Establishment of structural I&I capacity

Pursuant to Article 15.2 of the Dutch National Doping Regulations, the Doping Authority investigates possible doping violations both in the Netherlands and other countries. Intelligence & Investigation is one resource deployed for this purpose and this discipline has been organised as a separate activity since 2013.
Intelligence means selected, combined and analysed information; it is information that has been validated, presented in an organised way, and that preferably comes from several sources.
Intelligence & Investigation also involves appraising the accuracy of rumours, accusations or in simulations about doping or abetting doping. Ascertaining the truth is essential. It is the job of the Doping Authority to clarify accusations or insinuations on the basis of objective investigations in the interests of the athlete and the sport.

The approach to detecting doping violations is constantly changing. New test methods are being developed and the repeat analysis of samples is producing striking results. In combination with recent admissions by athletes and former athletes, this demonstrates that some doping violations have remained undetected for many years. The Sorgdrager Commission concluded (among other things) that it needs to be more likely that doping offenders will be caught. This requires a different approach, and more controls. However, the number of doping controls has been under pressure for some years now. A smarter approach to detection and the use of controls where they will be most effective will make it more likely that offenders will be caught.

In August 2013, the Doping Authority appointed an Intelligence Officer to develop and implement the discipline of Intelligence & Investigation. The work of the Intelligence Officer includes collating information in the context of investigations of doping violations, drafting reports, conducting interviews and taking statements, organising and processing confidential data in an automated system, and the development of procedures and protocols.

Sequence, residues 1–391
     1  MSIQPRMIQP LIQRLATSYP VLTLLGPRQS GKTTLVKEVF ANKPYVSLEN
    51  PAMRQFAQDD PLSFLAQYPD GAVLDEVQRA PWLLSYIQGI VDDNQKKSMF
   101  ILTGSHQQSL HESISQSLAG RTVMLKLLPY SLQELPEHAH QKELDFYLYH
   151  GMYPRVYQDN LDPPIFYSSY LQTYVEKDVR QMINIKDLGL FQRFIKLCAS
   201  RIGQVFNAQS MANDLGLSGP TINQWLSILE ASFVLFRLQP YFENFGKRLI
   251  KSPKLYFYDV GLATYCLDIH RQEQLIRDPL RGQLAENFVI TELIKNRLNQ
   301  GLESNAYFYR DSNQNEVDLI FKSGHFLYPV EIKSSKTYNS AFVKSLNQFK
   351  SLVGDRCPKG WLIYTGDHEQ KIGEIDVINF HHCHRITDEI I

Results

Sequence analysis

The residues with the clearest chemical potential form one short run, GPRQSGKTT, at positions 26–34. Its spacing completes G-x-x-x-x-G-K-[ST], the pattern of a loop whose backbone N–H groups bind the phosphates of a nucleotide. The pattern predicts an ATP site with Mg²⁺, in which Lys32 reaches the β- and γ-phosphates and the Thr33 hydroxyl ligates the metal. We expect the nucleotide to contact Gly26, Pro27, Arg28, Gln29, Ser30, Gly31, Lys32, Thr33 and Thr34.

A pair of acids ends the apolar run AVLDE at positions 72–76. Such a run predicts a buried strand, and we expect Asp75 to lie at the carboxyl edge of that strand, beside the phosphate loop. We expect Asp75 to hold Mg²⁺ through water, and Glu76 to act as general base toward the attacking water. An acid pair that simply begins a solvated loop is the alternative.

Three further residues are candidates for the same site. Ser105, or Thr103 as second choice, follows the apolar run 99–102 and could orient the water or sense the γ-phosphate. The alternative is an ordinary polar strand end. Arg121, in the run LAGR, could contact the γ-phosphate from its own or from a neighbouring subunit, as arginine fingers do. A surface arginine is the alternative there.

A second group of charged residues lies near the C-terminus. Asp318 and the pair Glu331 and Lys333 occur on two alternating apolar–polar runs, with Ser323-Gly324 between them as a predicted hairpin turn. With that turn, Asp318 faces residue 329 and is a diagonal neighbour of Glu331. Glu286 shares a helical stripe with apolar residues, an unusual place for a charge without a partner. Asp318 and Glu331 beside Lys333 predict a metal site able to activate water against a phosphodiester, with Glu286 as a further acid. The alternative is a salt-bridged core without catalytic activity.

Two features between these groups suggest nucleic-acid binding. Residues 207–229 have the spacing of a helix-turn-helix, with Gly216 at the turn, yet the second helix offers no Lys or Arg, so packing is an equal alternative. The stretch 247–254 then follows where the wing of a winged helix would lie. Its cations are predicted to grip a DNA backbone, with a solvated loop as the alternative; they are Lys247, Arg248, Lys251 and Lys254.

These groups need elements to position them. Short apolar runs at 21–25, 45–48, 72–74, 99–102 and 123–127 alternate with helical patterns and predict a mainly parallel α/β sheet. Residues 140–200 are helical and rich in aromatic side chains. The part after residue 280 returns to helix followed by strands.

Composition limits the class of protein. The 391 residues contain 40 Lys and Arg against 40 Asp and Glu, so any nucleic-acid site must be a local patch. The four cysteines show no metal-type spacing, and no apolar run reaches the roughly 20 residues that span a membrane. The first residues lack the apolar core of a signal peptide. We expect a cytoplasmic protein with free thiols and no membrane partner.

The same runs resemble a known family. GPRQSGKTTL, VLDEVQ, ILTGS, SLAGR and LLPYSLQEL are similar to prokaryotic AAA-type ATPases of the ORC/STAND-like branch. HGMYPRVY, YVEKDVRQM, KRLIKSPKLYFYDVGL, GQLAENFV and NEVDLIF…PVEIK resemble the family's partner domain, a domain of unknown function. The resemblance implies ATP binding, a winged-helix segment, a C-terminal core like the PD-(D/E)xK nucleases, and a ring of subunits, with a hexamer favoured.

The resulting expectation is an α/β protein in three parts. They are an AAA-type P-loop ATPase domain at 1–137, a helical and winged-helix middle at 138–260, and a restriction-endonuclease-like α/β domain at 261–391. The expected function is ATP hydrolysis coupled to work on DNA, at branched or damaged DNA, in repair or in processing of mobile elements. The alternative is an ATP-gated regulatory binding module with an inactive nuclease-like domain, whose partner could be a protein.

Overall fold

The Intelligence Officer will collect, process and analyse information about possible doping violations and, where appropriate, be involved in disciplinary procedures relating to those violations. Information will be obtained from digital sources, but also from discussions in person with athletes, support staff, or other persons who may be expected to have relevant information. The analysis of the Intelligence Officer may lead the Control Department to initiate target controls. The file compiled by the Intelligence Officer can be added to the file relating to a positive control or may result directly in the initiation of proceedings if there is possibly a question of criminal activities.

Development of international collaboration

In view of the nature of this new discipline, it is vital for data to be exchanged in close collaboration with national and international sports federations, Dutch investigation agencies, foreign anti-doping organisations and WADA. As one of the joint initiators, the Doping Authority has been involved in the establishment of a group of Intelligence Officers from anti-doping organisations who, with WADA as the agency providing coordination, exchange knowledge and information and act as the motor for developments, standards, protocols and procedures in this area.

Cycling investigation

A great deal of time has been invested in the investigation of doping used in cycling. There have been interviews both in the Netherlands and other countries with cyclists, support staff and other persons involved in the world of cycling (and particularly professional cycling). In view of the circumstances that (i) the investigation was conducted together with agencies that included, in any case, UCI, WADA and USADA, and (ii) cyclists and other persons involved are not always Dutch nationals or have not always been associated (exclusively or otherwise) with a Dutch team, this investigation involved a large number of international factors. Ongoing coordination and collaboration with sports and anti-doping organisations from other countries was therefore essential. Many of the interviews took place outside the Netherlands, in part to safeguard the anonymity of the interviewees.
Recordings were made of virtually all interviews and transcriptions were then made and stored in a secure location. By analysing the interviews and – above all – by combining information from the various interviews, an increasingly detailed picture has been established of the doping culture that prevailed in professional cycling. The investigations will continue in 2014 and the expectation is that there will be a stronger focus on possible comparable problems in other branches of sport.